Lab coats are the hyper-recognizable protective attire meant to keep doctors, surgeons, scientists and other professionals safe in potentially dangerous environments. From chemical spills to open flames, that lab coat is meant to be a barrier between you and any hazard you routinely come across.
But, while lab coats are meant to be used in a potentially hazardous settings, this definitely is not the only context in which you might find yourself needing to sport one.
White lab coats have long been symbols of status, professionalism and scientific rigor. Seeing somebody (including yourself) in a lab coat immediately brings to mind having earned that right to wear the coat. It represents years of intense practice and study. This symbol, thus, is not confined just within the walls of examination rooms, operating rooms or even classrooms…it’s actually recognized and often worn as a visual credential outside its practical settings.
Be it an academic presentation, speech or special ceremony, those symbolic white lab coats are worn in a plethora of contexts that are a far cry from their intended environments. These settings are generally low-risk—if not risk-free—and require much less precaution than hospital and clinics.
Your settings change, and the risks do too. Should your lab coat change a well?
Adapting to the situation
In a laboratory or hospital setting, you need protection from dangerous chemicals, flames, bodily fluids and other hazards. But at a speech or ceremony, let’s hope this is not the case!
And so, what you wear on the job or in the lab can be what you wear for special occasions, but it doesn’t have to be. You can make different choices to reap even more benefit from its symbolism.
On special occasions where you simultaneously don’t need to consider protection but do need to consider your comfort and confidence, this means you can choose to incorporate what would otherwise be lab coat “sins” or health and safety risks into your attire. Yes, you could wear your regular lab coat to the ceremony, but you could also wear something more comfortable, more stylish and more expressive than whatever you bring into the lab or clinic.
Here are some of the lab coat “sins” that could turn into something to get excited about on special occasions where you sport your white lab coat:
Lab coat material is woven from specific materials that fit the situation at hand. If you’re working with pyrophoric chemicals, the material should be flame retardant. If you’re working with liquid biohazards or dangerous chemicals, your coat should be splash resistant.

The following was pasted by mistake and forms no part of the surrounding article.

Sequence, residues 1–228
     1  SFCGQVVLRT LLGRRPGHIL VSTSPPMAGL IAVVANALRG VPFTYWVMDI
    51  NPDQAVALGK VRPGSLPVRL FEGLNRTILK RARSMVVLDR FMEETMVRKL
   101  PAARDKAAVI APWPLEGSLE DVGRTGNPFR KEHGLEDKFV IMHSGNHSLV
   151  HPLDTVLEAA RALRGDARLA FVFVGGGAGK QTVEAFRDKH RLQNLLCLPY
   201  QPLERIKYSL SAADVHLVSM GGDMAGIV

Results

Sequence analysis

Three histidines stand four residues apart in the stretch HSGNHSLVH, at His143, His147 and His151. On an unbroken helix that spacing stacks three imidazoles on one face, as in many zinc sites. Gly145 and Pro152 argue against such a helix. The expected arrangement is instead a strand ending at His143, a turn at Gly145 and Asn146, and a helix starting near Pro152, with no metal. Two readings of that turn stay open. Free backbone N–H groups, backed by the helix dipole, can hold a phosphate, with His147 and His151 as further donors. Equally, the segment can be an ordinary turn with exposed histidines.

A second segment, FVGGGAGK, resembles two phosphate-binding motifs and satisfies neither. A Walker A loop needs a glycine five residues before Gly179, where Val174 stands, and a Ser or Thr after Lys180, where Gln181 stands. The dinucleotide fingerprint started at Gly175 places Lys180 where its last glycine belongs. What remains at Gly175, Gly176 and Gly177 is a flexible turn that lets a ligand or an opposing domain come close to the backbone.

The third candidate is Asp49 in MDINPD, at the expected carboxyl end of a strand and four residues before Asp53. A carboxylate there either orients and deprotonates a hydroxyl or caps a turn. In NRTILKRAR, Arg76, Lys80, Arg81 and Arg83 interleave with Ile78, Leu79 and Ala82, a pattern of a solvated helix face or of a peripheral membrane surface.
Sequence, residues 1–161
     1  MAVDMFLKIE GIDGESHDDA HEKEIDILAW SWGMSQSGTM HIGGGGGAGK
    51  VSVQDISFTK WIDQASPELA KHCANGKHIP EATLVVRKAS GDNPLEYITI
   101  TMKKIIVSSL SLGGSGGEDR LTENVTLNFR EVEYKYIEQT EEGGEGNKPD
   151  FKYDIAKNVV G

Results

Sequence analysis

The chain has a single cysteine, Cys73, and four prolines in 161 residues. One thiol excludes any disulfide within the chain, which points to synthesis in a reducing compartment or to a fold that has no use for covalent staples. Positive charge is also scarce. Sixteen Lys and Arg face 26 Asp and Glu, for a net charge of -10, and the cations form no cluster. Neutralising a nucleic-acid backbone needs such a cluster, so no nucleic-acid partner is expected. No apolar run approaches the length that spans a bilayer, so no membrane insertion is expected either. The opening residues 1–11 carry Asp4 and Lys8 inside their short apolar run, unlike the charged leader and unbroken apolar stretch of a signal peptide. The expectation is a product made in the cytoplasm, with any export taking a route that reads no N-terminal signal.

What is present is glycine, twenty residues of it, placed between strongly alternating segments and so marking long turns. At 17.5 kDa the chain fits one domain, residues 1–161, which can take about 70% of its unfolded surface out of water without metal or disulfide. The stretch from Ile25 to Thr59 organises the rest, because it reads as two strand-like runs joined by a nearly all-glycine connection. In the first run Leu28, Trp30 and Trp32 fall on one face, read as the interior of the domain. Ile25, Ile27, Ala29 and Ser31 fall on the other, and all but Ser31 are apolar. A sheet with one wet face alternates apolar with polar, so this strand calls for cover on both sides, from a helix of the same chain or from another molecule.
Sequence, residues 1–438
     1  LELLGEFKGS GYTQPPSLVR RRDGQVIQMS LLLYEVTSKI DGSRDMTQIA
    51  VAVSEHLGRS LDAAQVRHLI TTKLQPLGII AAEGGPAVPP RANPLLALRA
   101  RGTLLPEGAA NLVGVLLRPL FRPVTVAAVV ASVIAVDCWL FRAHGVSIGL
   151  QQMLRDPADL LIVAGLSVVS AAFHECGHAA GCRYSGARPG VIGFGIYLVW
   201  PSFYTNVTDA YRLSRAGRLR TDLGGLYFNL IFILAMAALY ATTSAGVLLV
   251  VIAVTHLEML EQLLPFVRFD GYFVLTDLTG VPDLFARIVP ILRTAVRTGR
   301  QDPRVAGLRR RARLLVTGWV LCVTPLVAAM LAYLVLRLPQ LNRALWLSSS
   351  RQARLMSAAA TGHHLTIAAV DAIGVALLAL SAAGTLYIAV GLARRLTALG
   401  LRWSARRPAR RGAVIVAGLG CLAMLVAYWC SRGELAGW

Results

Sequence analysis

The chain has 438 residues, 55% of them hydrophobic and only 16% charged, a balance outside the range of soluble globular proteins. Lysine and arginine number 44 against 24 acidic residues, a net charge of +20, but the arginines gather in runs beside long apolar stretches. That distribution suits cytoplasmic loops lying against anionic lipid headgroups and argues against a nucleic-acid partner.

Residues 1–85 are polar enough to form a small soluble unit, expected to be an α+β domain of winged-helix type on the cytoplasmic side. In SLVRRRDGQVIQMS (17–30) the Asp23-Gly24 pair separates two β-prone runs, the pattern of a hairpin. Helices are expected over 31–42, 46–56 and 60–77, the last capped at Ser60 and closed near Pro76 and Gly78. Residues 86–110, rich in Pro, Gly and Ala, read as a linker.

Normally, designer lab coats are made with “safety first” in mind and with comfort as a second-tier priority. But at special occasions, for example where you’re speaking in front of an audience, the priorities are flipped. In front of all those people and under those bright lights, you’ll hanker to feel and look good. This means fitted lab coats, breathability and weight will suddenly be of greater interest to you.
Let’s start simple: if you’ll be speaking in front of an audience, for example, wear a high-cotton blend. Cotton is far from flame retardant or splash resistant and it will not protect you from most hazards, but it is lightweight, breathable, and an absolutely fantastic choice for crowded and warm (and generally danger-free) ceremonial occasions.
Your lab coat needs to fasten tightly to make sure as much of your body is covered as possible, but it also needs to come undone quickly and easily enough to remove it immediately after catching fire or getting doused in some hazardous chemical. For these reasons, metal snapping studs are the best way to go in terms of the best lab coat fastening in practical settings. Just about anything else is too slow to undo and too unreliable in a dangerous situation.
In more social settings the only substance that might end up on your lab coat would be a glass of wine or a little pasta sauce. In these situations, if you’ve always wanted to wear a belt with your coat, or sport a designer lab coat with flashy buttons, go right ahead! These small details, subtle as they may be, can open a world of expressionism that simply isn’t safe to explore in practical conditions.
When dealing with hazardous material, “more coverage” is usually the way to go in order to cover surface areas of your clothes and body as much as possible.
However, your social occasion lab coat does not need to cover you to a specific length. In these cases, surface area coverage is entirely open-ended. Whether this means a shorter coat, a lower neck, or shorter sleeves for comfort or appearance, just about anything will be an acceptable option. When aesthetics supersede precautions, it all comes down to your confidence.
A chance to relax
Normally, lab coats are meant to be protective first, comfortable second. With so many potential hazards in scientific and medical environments, a good portion of lab coat design and manufacturing goes into making sure the material is tough, durable, and resistant.
When these precautions are no longer the single purpose of your lab coat, then all that comfort and style sometimes sacrificed in the name of safety is yours for the taking. Above all else, these occasions are a chance for you to look and feel good in the symbol that you’ve rightfully earned.
One last thing to take into consideration is price. This lab coat is different. It can be an exclusively aesthetic part of your wardrobe, which can be your incentive to choose a “nicer” or professionally-designed lab coat in which you look and feel better.
And the good news is that Dr-James designer lab coats don’t even push the price point to anything out of the ordinary for a standard “utility” lab coat.
Speeches and presentations are celebrations of knowledge. Ceremonies are celebrations of achievement. And the best lab coat to wear on these occasions should be a celebration of yourself and everything you’ve done to earn wearing it for these occasions.